Lives of the fellows

Thomas Patrick Hubert McKelvey

b.6 May 1913 d.22 February 2003
MB BChir Cantab(1937) MRCP(1954) FRCP(1971)

Tom McKelvey had the foresight and good fortune, having qualified at Cambridge and Charing Cross, to join the Royal Army Medical Corps Territorial Army. When the Second World War broke out, he was given the status and seniority of a regular officer. This meant that during the war he rose to the rank of lieutenant colonel, while many of his contemporaries served as captains.

His early hospital appointments with distinguished individuals, including Gordon Holmes [Munk's Roll, Vol.V, p.195], followed by a year as resident casualty officer, ensured that by September 1939, when he was called up for service, he was highly suited to his army role. Had the war not intervened he had ambitions to be a neurologist, no doubt inspired by Gordon Holmes.

In 1939 he was medical officer to the 1st Battalion the Queen's Own Royal West-Kent Regiment and accompanied them in the British Expeditionary Force to France. He therefore had invaluable experience of front line soldiering and battle casualties. After the disastrous retreat of the army from the continent, and one month in the UK, he was posted to the Middle East Forces. His administrative ability was soon noticed and he was selected for staff duties in 1943, at the General Headquarters Middle East Forces. By 1945 he had risen to the rank of lieutenant colonel. His appointment to GHQ meant that he was stationed in Cairo, living a pleasant and most comfortable existence.

A number of his contemporaries had, during the same period, endured the disagreeable and dangerous environment of the Western desert. There was considerable jealousy of Tom's life of luxury, but we had to admit that, quite apart from his seniority, he had earned it by his administrative ability and dedication, which none of us could equal.

After the war Tom attended the Staff College, for which very few doctors were ever selected, and was well thought of. It seemed his future career would be in field and administrative army medicine: he passed the examination with high marks. However, he felt that he had missed out on clinical work and wished to return to this branch of service. This meant reduction in rank, attendance at the senior officer's course at the RAMC College Millbank in 1949, secondment to teaching hospitals and study for membership of the College. He returned to clinical work in various military hospitals, but always felt that he lacked the experience of some of his contemporaries.

Tom and his lovely charming wife Jean were a handsome couple, kind and hospitable and were very good company socially. Tom was an excellent golfer, playing to a very low handicap. He was a difficult man to beat, not only for his skill but for his combative spirit and will to win. In Singapore he won nearly all of the trophies available during his two tours there.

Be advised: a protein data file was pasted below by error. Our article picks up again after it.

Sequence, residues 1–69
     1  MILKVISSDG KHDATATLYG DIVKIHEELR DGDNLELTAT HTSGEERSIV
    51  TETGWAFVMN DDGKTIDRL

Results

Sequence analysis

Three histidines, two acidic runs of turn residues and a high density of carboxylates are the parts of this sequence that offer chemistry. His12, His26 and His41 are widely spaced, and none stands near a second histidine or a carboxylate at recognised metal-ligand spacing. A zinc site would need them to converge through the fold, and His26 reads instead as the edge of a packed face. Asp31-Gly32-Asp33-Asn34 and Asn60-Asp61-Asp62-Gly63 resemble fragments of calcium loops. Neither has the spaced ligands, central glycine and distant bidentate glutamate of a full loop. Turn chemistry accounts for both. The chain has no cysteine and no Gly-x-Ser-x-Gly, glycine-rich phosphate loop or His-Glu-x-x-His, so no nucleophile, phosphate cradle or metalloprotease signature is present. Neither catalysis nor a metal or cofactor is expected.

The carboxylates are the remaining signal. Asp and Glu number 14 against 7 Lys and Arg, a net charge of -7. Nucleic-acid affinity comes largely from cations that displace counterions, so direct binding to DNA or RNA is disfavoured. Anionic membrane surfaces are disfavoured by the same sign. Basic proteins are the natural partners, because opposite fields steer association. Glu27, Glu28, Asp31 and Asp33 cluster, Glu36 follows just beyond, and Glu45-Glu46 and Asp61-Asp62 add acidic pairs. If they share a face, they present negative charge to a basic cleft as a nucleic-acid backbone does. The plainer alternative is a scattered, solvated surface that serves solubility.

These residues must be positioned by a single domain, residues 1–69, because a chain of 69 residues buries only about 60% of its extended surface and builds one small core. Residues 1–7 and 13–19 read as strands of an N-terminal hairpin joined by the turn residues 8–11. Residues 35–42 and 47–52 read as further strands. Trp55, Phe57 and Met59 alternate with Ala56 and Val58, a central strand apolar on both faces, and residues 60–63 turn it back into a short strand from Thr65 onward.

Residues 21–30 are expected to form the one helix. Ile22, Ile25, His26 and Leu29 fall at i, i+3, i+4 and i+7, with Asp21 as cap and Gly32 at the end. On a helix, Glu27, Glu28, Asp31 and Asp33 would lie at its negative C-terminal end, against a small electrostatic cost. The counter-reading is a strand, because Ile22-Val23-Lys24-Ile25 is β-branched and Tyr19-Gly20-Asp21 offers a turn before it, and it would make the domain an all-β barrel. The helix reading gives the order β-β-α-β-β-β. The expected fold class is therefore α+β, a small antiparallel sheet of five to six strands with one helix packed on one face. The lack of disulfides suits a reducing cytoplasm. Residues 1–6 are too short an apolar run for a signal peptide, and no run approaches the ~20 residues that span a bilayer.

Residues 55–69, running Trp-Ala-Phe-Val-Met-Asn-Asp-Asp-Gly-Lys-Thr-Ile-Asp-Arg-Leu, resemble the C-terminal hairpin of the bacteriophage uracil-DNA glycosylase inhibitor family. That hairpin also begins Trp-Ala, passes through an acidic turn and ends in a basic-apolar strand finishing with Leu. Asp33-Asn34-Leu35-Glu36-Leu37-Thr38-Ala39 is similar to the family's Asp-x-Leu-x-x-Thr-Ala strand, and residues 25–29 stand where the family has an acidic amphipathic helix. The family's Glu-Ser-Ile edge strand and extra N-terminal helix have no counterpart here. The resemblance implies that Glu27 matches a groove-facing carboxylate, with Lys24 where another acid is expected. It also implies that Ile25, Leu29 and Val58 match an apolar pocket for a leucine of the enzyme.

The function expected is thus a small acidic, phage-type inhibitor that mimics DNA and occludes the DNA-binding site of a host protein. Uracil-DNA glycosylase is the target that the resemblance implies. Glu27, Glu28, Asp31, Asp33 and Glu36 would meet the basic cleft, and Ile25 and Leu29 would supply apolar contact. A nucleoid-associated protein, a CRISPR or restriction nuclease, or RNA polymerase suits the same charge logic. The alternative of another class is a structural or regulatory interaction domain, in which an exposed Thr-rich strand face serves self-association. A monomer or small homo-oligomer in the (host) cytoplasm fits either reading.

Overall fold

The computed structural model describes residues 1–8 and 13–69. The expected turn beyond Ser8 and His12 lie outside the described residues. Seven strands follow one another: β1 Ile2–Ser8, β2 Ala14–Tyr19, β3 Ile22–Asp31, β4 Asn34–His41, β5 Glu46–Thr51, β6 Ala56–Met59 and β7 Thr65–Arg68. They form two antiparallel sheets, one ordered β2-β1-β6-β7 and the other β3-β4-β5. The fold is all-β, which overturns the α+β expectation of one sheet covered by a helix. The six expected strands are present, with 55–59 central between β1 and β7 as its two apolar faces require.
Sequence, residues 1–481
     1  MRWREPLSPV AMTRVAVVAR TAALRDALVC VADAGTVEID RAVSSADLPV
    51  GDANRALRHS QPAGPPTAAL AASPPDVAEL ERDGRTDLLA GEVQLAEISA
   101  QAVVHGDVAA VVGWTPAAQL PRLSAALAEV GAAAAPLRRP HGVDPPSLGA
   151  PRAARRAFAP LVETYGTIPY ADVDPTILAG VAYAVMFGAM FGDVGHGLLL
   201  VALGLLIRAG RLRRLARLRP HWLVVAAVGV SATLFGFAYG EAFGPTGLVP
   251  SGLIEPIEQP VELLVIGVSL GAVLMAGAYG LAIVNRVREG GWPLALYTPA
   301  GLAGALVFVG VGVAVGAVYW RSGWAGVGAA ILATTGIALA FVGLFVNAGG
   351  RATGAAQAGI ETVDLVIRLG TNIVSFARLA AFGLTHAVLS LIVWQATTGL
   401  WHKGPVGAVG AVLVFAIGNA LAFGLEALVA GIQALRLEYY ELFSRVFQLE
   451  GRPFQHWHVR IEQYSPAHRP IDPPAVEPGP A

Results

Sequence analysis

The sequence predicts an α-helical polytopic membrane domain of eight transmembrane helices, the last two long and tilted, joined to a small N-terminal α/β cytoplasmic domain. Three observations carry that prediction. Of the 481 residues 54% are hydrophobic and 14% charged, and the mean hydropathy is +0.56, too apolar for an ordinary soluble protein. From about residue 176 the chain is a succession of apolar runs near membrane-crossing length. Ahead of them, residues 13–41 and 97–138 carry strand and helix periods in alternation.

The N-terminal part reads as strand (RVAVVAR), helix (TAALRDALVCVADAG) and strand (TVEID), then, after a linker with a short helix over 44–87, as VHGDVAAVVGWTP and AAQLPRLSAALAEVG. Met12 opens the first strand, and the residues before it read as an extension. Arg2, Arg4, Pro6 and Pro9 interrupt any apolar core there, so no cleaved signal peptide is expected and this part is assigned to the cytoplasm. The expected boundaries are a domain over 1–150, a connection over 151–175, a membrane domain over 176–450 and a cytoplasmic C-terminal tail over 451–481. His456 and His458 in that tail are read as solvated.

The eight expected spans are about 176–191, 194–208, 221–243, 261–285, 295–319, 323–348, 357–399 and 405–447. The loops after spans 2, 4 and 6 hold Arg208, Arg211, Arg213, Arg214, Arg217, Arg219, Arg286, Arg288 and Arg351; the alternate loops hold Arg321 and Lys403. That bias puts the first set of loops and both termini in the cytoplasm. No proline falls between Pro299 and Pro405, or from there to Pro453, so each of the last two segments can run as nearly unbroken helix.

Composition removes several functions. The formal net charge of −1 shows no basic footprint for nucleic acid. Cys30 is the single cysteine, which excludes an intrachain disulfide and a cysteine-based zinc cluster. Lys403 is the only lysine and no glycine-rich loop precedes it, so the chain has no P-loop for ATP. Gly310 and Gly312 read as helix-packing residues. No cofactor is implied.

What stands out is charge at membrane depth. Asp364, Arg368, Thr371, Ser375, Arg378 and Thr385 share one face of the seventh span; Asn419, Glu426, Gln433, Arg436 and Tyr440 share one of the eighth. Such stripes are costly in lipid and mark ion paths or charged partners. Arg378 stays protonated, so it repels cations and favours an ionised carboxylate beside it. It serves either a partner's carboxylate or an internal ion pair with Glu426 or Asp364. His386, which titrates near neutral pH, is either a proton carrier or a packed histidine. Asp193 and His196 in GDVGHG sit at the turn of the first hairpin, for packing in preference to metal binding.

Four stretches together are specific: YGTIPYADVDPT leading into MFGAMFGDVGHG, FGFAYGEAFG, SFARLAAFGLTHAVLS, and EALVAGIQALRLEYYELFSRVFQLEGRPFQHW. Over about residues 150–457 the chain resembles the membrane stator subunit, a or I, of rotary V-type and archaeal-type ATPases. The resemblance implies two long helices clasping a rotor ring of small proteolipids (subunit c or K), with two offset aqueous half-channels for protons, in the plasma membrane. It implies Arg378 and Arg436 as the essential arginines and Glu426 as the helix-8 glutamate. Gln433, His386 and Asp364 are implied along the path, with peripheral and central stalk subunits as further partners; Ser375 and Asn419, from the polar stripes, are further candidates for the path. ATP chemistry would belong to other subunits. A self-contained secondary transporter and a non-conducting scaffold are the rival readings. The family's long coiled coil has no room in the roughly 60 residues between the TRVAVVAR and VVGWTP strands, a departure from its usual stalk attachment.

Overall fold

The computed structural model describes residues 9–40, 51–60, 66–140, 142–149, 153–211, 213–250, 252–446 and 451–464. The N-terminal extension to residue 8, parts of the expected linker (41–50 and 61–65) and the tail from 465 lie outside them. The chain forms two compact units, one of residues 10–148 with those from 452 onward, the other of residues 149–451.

His main appointments were at the British Military Hospital, Singapore, and the Queen Alexandra Military Hospital Millbank, London. His further posts in a senior capacity were as consulting physician in Far East Land Forces, and later as consulting physician, British Army of the Rhine.

He was a valuable second opinion, always respected by his team of consultants. They found him a hard taskmaster however, as he insisted that staff duties and administration were carried out carefully and conscientiously. But this was often necessary since young physicians were then notoriously adverse to 'paper work'.

During his term in Singapore and Malaya from 1966 to 1969 he became involved in very important work concerning chloroquine resistant falciparum malaria when this was first discovered in Malaya. This was work of great value, since at that time there were a large number of troops fighting in the jungles in Malaya where falciparum malaria was rife. His papers and publications were among the earliest on this subject.

His life, however, was shattered by the tragic death of his wife Jean, as the result of a dreadful traffic accident and he never really got over or made any sort of recovery from this disastrous affair.

In 1971 he was appointed director of army medicine and also a Queen's honorary physician. In the former post he held the rank of brigadier - the first ever to do so. All his predecessors had been promoted to major general. He himself could not be so promoted, since he had only two more years to serve and major generals had to be able to serve at least four on appointment. Furthermore, his wide experience and abilities seemed to fit him for the top position of director general of the army medical services with the rank of lieutenant general. But he and many of his friends were bitterly disappointed that this did not come about. He was embittered by these failures and retired two years later.

In his long period of retirement he suffered from chronic ill health and disability. This made it impossible for him to keep in touch with his many colleagues and friends in the RAMC.

Sir James Baird

(Volume XI, page 368)

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